As we move towards our 100th issue in January, we’re shedding some light on the best articles in our archives that never caught sight of the internet. This piece on pigeon fanciers — taking in crimelords, cat-trapping and cups of tea — is particularly good.
Words: Conor Creighton / Photos: Con O’Donoghue & Conor Creighton
We’re barrelling along at such terrific speeds that the rattle from the back door is probably audible all the way back in Dublin. Our car, normally used as a delivery van, is stacked high with magazines that have long since broken loose of their bindings and are whipping
around the backseat like a paper cyclone in the gust coming through the open windows. My coffee’s spilt all over my jeans and the ham and cheese sandwiches we bought earlier this morning are just a buttery mess beside my feet. Admittedly they weren’t great sandwiches but it’d been a long morning, we’d been on the road since six and at that stage we’d have eaten anything.
And then we spot them – a group of small black flecks high in the sky in front of us – barely perceptible bobbing up and down on the current, and all thoughts of wet clothes, hunger and safety are cast to the back of our minds.
The car jumps forward again and we get the cameras at the ready. Two weeks ago, the only thing I knew about pigeons was that if they shitted on you it meant good luck. Now I’m chasing them across the countryside on an Easter weekend when anyone else in their right mind would be fast asleep in their bed, dreaming of lamb, mint sauce and chocolate eggs. Pigeon fancying, or even pigeon journalism, for that matter, is not for the faint hearted or people who enjoy lie-ins. Finding a pigeon in Dublin city is not hard; all you need do is locate a fast-food outlet, a stretch of water, or a statue of a patriot and there you’ll see them in their thousands.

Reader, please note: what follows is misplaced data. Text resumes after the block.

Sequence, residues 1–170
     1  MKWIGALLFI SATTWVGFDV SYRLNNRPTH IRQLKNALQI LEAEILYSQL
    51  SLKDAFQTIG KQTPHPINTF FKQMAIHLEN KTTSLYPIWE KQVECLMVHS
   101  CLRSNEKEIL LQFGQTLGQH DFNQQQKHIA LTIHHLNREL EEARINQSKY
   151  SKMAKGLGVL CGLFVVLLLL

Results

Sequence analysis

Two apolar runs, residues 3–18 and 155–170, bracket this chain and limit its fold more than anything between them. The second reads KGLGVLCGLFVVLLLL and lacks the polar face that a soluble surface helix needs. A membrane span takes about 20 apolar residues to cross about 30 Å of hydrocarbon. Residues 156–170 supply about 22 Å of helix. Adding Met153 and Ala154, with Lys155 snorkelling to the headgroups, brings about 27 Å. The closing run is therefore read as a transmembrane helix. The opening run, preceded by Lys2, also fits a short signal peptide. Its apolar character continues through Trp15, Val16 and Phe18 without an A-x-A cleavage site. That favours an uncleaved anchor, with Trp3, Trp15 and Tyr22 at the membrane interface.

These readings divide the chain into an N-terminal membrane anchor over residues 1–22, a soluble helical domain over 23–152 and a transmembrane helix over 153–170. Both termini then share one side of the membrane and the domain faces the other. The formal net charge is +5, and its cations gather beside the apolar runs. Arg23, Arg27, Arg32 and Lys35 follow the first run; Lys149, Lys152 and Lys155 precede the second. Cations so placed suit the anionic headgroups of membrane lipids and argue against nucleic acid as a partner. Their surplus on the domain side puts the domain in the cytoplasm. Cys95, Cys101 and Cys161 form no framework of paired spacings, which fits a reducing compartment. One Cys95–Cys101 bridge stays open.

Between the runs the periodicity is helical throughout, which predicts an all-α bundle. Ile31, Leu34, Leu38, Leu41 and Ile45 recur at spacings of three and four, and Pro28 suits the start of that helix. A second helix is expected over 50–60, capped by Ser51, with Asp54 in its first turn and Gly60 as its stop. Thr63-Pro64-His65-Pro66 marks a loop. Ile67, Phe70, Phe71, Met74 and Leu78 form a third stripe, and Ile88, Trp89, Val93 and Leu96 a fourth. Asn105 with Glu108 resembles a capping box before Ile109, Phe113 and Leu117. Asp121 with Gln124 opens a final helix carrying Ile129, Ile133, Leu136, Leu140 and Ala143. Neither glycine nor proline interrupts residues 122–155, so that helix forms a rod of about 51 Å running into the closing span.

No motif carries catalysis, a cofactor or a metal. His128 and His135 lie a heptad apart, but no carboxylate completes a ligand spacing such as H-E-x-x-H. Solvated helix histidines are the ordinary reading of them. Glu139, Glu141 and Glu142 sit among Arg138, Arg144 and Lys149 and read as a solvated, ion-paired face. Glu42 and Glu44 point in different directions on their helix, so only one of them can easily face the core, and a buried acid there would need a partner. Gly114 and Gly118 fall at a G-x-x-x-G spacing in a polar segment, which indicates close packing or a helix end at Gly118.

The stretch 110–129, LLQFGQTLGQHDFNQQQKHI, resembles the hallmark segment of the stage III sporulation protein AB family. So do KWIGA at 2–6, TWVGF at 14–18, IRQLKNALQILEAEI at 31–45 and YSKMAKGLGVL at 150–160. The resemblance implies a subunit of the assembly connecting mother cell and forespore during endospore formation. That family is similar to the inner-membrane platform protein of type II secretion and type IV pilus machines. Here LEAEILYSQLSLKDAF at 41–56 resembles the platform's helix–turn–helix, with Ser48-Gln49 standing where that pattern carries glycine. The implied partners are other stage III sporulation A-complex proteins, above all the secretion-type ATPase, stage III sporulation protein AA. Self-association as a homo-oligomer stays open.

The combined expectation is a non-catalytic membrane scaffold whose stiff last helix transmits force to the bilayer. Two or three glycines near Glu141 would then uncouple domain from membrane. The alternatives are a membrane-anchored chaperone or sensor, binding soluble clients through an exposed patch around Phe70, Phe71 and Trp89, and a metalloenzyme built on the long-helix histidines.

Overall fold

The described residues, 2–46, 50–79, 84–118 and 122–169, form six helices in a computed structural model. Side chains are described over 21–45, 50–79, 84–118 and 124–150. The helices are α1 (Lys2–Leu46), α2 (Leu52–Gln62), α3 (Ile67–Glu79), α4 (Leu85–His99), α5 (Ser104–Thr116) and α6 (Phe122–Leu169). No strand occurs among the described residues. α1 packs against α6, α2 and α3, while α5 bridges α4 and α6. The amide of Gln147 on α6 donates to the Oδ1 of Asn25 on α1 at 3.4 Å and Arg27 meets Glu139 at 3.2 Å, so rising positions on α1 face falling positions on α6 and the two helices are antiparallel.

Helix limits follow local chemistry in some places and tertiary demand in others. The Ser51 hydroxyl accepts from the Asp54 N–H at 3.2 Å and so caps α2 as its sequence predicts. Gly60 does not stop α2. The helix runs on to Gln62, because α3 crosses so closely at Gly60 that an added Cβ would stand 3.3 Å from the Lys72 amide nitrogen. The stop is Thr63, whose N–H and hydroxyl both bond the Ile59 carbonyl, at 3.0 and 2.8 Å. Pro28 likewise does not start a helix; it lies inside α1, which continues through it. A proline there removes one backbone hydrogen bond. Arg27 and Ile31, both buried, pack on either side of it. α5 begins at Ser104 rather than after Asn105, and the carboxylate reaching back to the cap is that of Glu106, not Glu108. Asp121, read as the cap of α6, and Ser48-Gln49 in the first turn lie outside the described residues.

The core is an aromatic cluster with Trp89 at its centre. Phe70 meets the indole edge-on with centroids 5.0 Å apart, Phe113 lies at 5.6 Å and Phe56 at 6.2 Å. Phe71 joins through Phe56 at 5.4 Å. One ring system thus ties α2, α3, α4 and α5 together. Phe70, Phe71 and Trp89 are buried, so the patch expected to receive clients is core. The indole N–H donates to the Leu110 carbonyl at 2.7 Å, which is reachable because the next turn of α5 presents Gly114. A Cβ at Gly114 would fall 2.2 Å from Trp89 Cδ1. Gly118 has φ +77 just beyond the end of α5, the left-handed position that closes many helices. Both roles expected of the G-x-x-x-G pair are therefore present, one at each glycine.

However finding pigeon fanciers, the men who breed, train and race the birds to Olympic levels of athleticism, is a lot harder. There are around four thousand fanciers in the city today. Ten years ago there were double that amount. The preferred sport of taxi-drivers, celebrity gangsters and the working classes is in decline. The dedication, caring and patience required to maintain a small flock of birds are not qualities this generation, brought up on instant gratification and convenience, has in abundance. So after a long week of phone calls, false-leads and taxis I’m finally directed, via an inner-city pub, to a terraced house in Drumcondra: home to the President of the Irish Homing Union, Paschal Mooney.
“In some quarters of Dublin I’m the biggest bastard there is,” he says, dunking a McVities Digestive into a cup of milky tea. He’s invited me into his home, told me all about the love he has for his grandchildren and fed his pigeons peanuts from his mouth, so far I can’t think how anyone could call him a bastard. But then presiding over a union as old, revered and as shrouded in officialdom and secrecy as anything in the mind of Dan Brown – or should I say Michael Baignet and Richard Leigh – could come up with, means he’s had to make some important decisions in his time, and maybe step on a few toes.